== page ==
Large organisations are pretty obsessed with scale, and naturally so in many instances. Ideas need to have big potential impact, returns need to be sizeable, programmes and projects need to work robustly across large numbers of employees or customers. It’s an inherent part of the mindset.
But what happens when you need to start small? And what happens when you need to do something that doesn’t scale? I loved the story that AirBnb founder Brian Chesky tells (in this Masters of Scale podcast) from the earliest days of the service when they were still part of the Y-Combinator programme. Paul Graham (founder of Y-Combinator) had asked him where they were getting traction with their idea. Brian told him that they didn’t actually have a lot of traction at the time, but they did have a few people in New York who had started using the service:
Graham: “So your users are in New York and you’re still inMountain View.”
Graham: “What are you still doing here?”
Chesky: “What do you mean?”
Graham: “Go to your users. Get to know them. Get your customers one by one.”
Chesky: “But that won’t scale. If we’re huge and we have millions of customers we can’t meet every customer.”
Graham: “That’s exactly why you should do it now because this is the only time you’ll ever be small enough that you can meet all your customers, get to know them, and make something directly for them.”
So the founders literally commuted from Mountain View to New York, and went door-to-door meeting the Airbnb hosts in person. To give them a reason for visiting they personally offered to photograph the host places for the site. When they’d talk to the hosts they would get direct feedback that enabled them to start designing ‘touchpoint by touchpoint’ in order to handcraft the user experience and feed directly into their product roadmap (‘the roadmap often exists in the minds of the users you’re designing things for’). Almost all of the early features that would become critical to Airbnb’s success came from that early feedback.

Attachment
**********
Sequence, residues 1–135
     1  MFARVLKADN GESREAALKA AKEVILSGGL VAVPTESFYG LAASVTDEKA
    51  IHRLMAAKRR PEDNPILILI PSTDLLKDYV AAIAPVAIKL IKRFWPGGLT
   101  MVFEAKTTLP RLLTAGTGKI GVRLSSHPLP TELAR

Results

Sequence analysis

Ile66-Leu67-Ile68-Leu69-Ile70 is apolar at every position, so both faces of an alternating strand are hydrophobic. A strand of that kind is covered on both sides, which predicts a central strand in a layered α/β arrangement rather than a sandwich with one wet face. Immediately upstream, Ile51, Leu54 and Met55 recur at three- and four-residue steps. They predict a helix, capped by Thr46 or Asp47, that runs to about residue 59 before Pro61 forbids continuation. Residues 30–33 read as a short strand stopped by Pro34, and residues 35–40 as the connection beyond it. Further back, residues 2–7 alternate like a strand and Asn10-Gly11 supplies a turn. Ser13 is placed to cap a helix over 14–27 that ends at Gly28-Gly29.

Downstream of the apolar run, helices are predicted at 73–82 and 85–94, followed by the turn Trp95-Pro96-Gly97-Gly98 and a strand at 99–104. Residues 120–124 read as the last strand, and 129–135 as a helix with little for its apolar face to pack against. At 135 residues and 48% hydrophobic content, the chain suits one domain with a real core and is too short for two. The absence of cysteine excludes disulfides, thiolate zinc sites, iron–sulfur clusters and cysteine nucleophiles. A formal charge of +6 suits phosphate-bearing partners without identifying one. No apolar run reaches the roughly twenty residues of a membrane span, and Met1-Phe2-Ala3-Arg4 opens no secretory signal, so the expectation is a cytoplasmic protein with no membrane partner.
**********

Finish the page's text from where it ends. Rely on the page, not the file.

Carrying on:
As Airbnb grew, that habit of handcrafting the user experience stayed with them as they visualised what a truly exceptional experience might look like in order to challenge thinking, and work back from there to deliver a service that is truly remarkable:
‘The core thesis is if you want to build a massively successful company, you need to build something that people love so much they tell each other. Which means that you must build something worth talking about.’ (Chesky)
It’s too easy in large organisations to dismiss doing things that don’t scale. Like talking face-to-face with your earliest users to craft remarkable experiences. It’s too common for leaders, as they progress higher up the hierarchy, to become more and more distant from actual customers.
We need to challenge these conventions.
And that’s as much about culture and mindset as it is about process and practice.